From 1891 until 1978 Highgate Hill shared a railway station at Gloucester Street with Woolloongabba, but now it’s just a memory.
In 1884, Brisbane’s first southside railway line was built in response to the urging of West Moreton coal mine owners. They wished to be able to export coal by ship from Brisbane’s deep water river port. The new line ran from Corinda on the existing Ipswich line, through Woolloongabba and a tunnel under Vulture Street, to the South Brisbane wharves. There was a station at Woolloongabba.
A further railway line from South Brisbane was built to Loganlea in 1885 and was extended to Southport few years later. The Cleveland line was opened in 1888.
The resulting growth in passenger traffic caused some complaint. The passage through Woolloongabba was slow as trains traversed five level crossings and had to be preceded by a guard with a red flag and hand bell in some locations. The increased number of trains also meant that risk of injury was higher.
It 1890, it was decided to build a new line to South Brisbane to allow passenger traffic to bypass Woolloongabba. The original line continued in use until 1969 carrying, amongst other things, wheat and limestone for local industries.
There was also an extensive railway depot at Woolloongabba, taking up a large amount of space on the north side of Stanley Street. These days, this area is occupied by State Government offices and a busway.
There is a fragment of the old Woolloongabba line remaining in the grounds of the Princess Alexandra Hospital near Dutton Park Station.
The map below dating from 1920 shows the two lines in black, with the original line passing through Woolloongabba and the new line below it.
The new line included stations at Park Road, Gloucester Street and Melbourne Street and was opened on the 21st December, 1891.
Soon it became apparent that the Gloucester Street station was awkwardly placed and in 1891 even before the opening of the line, moves were afoot to move it to Vulture Street.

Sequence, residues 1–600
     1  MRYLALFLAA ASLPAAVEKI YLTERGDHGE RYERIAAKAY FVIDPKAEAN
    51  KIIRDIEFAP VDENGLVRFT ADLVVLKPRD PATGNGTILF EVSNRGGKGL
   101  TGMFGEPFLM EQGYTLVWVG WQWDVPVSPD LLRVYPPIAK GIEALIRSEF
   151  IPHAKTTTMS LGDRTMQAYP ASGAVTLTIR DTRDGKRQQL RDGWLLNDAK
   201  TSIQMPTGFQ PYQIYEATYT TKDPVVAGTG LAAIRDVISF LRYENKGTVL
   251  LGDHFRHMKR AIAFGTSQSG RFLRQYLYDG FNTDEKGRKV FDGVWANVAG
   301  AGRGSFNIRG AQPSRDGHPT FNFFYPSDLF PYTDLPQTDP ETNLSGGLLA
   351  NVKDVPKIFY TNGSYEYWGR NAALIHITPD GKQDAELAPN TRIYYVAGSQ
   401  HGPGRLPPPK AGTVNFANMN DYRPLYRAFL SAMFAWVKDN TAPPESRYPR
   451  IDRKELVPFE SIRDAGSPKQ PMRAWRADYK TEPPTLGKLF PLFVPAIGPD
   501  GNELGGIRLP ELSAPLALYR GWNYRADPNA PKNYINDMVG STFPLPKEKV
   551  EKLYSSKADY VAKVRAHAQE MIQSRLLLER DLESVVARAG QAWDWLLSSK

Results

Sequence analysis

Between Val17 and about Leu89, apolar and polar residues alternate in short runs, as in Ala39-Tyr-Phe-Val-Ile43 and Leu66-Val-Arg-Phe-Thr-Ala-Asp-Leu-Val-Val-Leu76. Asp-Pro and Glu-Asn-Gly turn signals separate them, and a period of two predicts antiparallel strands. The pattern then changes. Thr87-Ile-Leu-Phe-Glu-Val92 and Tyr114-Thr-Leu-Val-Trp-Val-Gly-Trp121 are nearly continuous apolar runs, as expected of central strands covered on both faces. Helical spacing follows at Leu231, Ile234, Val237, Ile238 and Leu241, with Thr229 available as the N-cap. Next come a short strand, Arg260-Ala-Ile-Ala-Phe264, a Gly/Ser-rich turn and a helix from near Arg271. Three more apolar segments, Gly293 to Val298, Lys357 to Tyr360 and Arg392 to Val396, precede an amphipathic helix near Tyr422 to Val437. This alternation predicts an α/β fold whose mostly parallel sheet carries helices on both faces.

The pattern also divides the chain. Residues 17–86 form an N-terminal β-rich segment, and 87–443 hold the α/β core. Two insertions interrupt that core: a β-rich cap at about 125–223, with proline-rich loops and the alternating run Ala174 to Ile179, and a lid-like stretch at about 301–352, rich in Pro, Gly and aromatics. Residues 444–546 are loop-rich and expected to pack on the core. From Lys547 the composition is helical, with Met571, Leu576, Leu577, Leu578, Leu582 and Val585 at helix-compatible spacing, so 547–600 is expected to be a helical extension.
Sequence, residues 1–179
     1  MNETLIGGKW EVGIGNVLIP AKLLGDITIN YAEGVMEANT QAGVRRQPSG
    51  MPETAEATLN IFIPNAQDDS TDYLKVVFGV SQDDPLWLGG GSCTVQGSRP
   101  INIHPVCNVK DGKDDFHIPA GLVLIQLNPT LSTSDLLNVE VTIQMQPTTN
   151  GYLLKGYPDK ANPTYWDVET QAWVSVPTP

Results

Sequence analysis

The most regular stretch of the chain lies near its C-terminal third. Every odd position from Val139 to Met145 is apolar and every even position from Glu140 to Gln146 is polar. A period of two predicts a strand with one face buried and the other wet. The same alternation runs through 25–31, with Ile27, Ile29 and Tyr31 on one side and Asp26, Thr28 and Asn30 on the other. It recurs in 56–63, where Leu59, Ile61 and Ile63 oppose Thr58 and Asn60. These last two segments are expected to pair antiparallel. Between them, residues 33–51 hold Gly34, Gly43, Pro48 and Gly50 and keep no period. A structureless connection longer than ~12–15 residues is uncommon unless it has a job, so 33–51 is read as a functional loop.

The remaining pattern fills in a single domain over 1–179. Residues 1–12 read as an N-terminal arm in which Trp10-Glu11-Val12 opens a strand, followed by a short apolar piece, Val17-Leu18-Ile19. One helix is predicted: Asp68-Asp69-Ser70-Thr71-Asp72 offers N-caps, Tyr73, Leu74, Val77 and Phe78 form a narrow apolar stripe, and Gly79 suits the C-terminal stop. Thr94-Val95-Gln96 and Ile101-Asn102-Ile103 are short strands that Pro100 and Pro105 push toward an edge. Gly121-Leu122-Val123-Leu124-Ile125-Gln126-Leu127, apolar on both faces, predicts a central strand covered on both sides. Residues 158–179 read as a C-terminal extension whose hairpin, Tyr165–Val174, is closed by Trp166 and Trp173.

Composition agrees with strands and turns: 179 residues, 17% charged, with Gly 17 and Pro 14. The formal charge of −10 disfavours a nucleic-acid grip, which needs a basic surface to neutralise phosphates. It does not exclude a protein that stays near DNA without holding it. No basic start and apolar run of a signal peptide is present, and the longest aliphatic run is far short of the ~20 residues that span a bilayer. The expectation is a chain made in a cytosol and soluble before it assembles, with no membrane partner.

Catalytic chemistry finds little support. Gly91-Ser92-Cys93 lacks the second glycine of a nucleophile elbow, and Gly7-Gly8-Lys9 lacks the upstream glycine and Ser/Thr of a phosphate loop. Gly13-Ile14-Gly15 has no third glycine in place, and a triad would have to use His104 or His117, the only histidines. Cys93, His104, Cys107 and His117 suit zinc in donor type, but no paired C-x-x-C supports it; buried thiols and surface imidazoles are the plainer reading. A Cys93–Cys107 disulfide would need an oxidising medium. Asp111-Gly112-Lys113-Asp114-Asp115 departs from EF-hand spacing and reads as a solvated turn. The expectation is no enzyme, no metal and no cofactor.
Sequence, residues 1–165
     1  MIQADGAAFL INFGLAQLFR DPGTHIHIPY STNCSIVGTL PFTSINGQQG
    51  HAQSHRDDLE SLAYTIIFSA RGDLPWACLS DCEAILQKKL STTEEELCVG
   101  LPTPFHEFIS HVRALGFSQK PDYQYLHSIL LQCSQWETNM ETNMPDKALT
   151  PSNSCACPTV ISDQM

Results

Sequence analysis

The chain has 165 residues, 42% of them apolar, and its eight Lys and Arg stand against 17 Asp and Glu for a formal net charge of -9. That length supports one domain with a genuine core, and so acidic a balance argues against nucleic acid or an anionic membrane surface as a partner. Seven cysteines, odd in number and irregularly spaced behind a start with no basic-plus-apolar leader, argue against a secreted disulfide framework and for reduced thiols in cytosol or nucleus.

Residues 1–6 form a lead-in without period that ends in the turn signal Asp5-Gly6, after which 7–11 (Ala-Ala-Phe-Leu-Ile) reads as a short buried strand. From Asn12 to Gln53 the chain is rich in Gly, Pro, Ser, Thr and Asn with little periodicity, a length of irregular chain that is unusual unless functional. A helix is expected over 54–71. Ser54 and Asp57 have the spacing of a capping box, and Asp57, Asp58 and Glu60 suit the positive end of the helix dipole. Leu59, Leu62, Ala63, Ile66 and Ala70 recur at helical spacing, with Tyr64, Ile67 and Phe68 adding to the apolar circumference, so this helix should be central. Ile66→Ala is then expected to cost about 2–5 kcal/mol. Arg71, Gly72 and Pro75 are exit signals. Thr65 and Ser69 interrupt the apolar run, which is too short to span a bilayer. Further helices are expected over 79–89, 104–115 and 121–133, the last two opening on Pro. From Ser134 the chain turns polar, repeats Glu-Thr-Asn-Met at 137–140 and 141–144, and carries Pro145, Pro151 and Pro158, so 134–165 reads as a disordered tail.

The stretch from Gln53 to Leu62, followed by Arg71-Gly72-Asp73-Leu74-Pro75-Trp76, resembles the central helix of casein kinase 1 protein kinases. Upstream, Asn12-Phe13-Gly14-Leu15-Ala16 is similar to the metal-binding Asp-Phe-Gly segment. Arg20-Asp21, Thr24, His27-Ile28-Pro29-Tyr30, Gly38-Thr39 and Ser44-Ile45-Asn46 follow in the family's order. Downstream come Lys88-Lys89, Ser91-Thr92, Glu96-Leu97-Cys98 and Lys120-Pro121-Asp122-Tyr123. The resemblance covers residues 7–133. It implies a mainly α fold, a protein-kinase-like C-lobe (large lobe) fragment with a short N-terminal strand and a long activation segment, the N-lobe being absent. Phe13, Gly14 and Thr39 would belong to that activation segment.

Burke’s Hotel where this protest meeting was held was later known as the Red Brick Hotel. According to some sources, this was due to the bookies who used to work from there dealing largely in red ten pound notes, known as bricks.
Vulture Street Station, now known as South Bank Station, was built in 1893 however Gloucester Street was retained.In January of 1898 Charles Yeo, a well known figure in Brisbane at the time, dropped dead at Gloucester Street station, it was thought from heat apoplexy. He’d been a chemist in Queen Street for some time and had recently taken over running the Moreton Bay Oyster Company.
The surrounding area was being subdivided around that time which could have been expected to increase usage of the station. Here’s one example from 1890.
However the number of passengers using Gloucester Street appears to have remained low, judging from this article from 1909. An association for the development of Woolloongabba had been formed some years earlier and was agitating for a passenger railway line via a new tunnel to the Gabba which would have necessitated the closure of Gloucester Street.
In 1927, it was decided to reroute the Sydney- Brisbane standard gauge line via Kyogle. This required a new tunnel at Gloucester Street.
Work place safety at that time left something to be desired.
In 1937, another boy fell off the platform whilst playing into the path of an oncoming train. The driver was able to stop the train just in time. Then in 1938, another boy again was gathering flowers in Frith Street at the top of the tunnels and fell to the track below, fracturing his pelvis.
Apart from a few attempts to rob the ticket office, these are all the traces that Gloucester Street Station has left in history.
The death knell came in 1978 with the electrification of Brisbane’s rail network. This required a longer platform than could be accommodated without expensive work at either the tunnel or bridge end of the station. Someone who travelled via the station told me that even before electrification some trains were too long for the platform and had to edge forward after a pause to allow passengers in the rear carriage to alight.
The next time you walk down Gloucester Street, have a peek over the fence at where the station stood and spare a thought for times past.
Weston Langford photos can be perused at their excellent site Weston Langford Railway Photography